xbee.transmit(address, message)
return True
except Exception as e:
print("Transmit failure: %s" % str(e))
return False


xbee.atcmd("AP", 4)
xbee.atcmd("SO", 6) # b'000000110' never act as sleep coordinator, receive API sleep status message
xbee.atcmd('SM', 0)

while True:
received_msg = xbee.receive()
if received_msg:
sender = received_msg
payload = received_msg
print("received from %s" % (''.join('{:02x}'.format(x).upper() for x in sender)),
(' x'.join('{:02x}'.format(x).upper() for x in payload)))

if payload[0] == WAKEUP:
setSleepMode(0)

elif payload[0] == SLEEP:
setSleepMode(8)

elif payload[0:1] == REPLY:
transmit(sender, REPLY)

if sleepMode == 8:
status = xbee.modem_status.receive()
if status == 0x0B: # we just woke up
sleepCycles += 1 # gets reset to 0 in setSleepMode()
MS = xbee.atcmd("MS")
print("MS", MS)
if MS > 2 and sleepCycles > 2: # sometimes MS isn't reset immediately to 0 upon SM = 0, hence sleepCycles.
setSleepMode(0) # if we are in SM = 8 and we miss three syncs, then set SM = 0

else:
if time.ticks_diff(time.ticks_ms(), refMillis) > 4800: # 4800ms sleep period
refMillis = time.ticks_ms()
MS = xbee.atcmd("MS")
print("MS", MS) # print something periodically so we can see that micropython is running
asked Jul 26 in DigiMesh Proprietary Mesh Networking by Matthew Findlow New to the Community (3 points)

Please log in or register to answer this question.

1 Answer

0 votes
This is not a place to have possible bugs addressed. You should take this up on your case or with your account manager.

The big question is why are you switching between synchronous sleep and always on? If you want to send data, then you should be changing the sleep/wake times instead. Then send the data while the network is awake.
answered Jul 26 by mvut Veteran of the Digi Community (14,777 points)
That was my original ********, changing SP from 420 to 1 when I wanted the network to be awake. But nodes were jamming up and I assumed it was because of the changing sleep parameters.  That's why I tried the other ******** of leaving SP and ST as they were and broadcasting a command to the network to set SM=0 when I wanted the network to wake up. It didn't help however, nodes were still jamming up.

I prefer this ******** anyway because if you change the SP parameter, the network still has to go through an entire sleep cycle before the change is implemented. In my case that's 4.8 seconds before the network becomes fully responsive. If I broadcast that the network set SM=0 however, it is implemented immediately and the network does not go back to sleep for another cycle.

Interestingly, there is a mistake in the non-coordinators code above:
if payload[0] == WAKEUP:
setSleepMode(0)

elif payload[0] == SLEEP:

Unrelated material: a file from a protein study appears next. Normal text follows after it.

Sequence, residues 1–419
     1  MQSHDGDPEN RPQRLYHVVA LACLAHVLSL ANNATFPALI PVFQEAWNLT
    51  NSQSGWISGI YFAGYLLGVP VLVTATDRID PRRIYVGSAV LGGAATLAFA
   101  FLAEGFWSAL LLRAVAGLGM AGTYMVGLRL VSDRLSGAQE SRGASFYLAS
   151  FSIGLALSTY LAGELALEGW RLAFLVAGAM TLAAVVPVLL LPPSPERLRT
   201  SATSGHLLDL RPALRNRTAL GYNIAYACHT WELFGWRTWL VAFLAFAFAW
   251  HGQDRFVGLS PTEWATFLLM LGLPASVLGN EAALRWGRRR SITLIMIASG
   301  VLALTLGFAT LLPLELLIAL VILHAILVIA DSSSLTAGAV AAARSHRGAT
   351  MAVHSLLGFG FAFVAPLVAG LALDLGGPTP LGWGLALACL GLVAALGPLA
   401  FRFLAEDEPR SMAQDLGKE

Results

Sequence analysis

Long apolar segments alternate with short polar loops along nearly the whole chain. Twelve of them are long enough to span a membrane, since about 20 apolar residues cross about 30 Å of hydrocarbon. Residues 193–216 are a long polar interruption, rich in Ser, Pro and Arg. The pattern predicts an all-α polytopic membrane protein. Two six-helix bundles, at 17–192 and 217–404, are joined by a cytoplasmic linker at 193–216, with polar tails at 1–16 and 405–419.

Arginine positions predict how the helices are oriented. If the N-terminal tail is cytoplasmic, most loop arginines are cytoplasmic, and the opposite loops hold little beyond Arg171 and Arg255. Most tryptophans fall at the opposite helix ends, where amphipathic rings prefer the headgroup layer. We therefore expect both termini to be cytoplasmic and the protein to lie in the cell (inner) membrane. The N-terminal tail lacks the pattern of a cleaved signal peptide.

setSleepMode(8)

should be:
if payload[0:1] == WAKEUP:
setSleepMode(0)

elif payload[0:1] == SLEEP:
setSleepMode(8)

With the mistake, the non-coordinator nodes never actually set SM=8.  But they still frequently jam.
I suspected that the nodes were jamming when they exited SM=8, but this is clearly not the case.
I thought then, perhaps the problem is related to the sync messages, so I commented out:
# setSleepMode(7)
in the sleep-coordinators code, so that it never leaves SM=0 either.
I'm testing it like this now, and although the jamming events are much less frequent, they still happen. I have had one jam so far after 1000 loops.

So this problem of jamming receivers may not be directly related to the sleep protocol after all.
It's causing me a lot of stress however, I need to get past this jamming issue to get a reliable product to market.

I believe this IS the place to have bugs addressed. As I said, I have had this case open for over four months with tech support, and to date they have provided little to no support on this issue. So I have turned to the community for support. If other people comment that they too have had reliability issues, then tech support might take it seriously.

Thanks for your comments,

cheers.
Lets start with what you mean by "Jamming"?  Let's start there.

Next, this is NOT the proper place to get possible bugs in a code addressed unless it is in your Micro Python or external code.  The proper place for that is with the Support case.
What I mean by jamming is that the node in question can no longer receive anything, and will remain this way until a P.O.R or forced reset i.e. xbee.atcmd('FR'). Everything else, i.e. micropython and API continue to run OK. For instance, when running the supplied code, initially all the nodes respond to the sleep-coordinator and it prints:

loop 1
0013A20041B73CE2 06
0013A20041B73CE8 06
0013A20041B73D2F 06
0013A20041B73C21 06
0013A20041B73CF0 06

After a while, say after a few hundred loops, a node will jam and the sleep coordinator will print:

loop 236
0013A20041B73CE2 06
0013A20041B73CE8 06
'Transmit failure: [Errno 7107] ENOTCONN'
'Transmit failure: [Errno 7107] ENOTCONN'
'Transmit failure: [Errno 7107] ENOTCONN'
0013A20041B73C21 06
0013A20041B73CF0 06

node2 has jammed. If I try to send it an addressed unicast, i.e. a transmit request (frame 0x10) in API=1, the transmit status frame returns a delivery status of 0x25 Route not found.
When I retrieve the jammed node from the field and plug it into the REPL, I can see that the micropython code is running normally as it continually prints out the missed sync parameter. I can also connect to XCTU 'locally' (via serial) and see all its parameters. If I try to transmit a broadcast from the jammed node, it works, and all the other nodes receive it. If I try a network discover no nodes are found. If I try to send an addressed unicast from the jammed node to another node, the transmit status response returns with 0x25 Route not found. This all tells me that the jammed node is not able to receive at the MAC level.
Matthew, you need to get everything you can to Digi so they can reproduce the issue.
...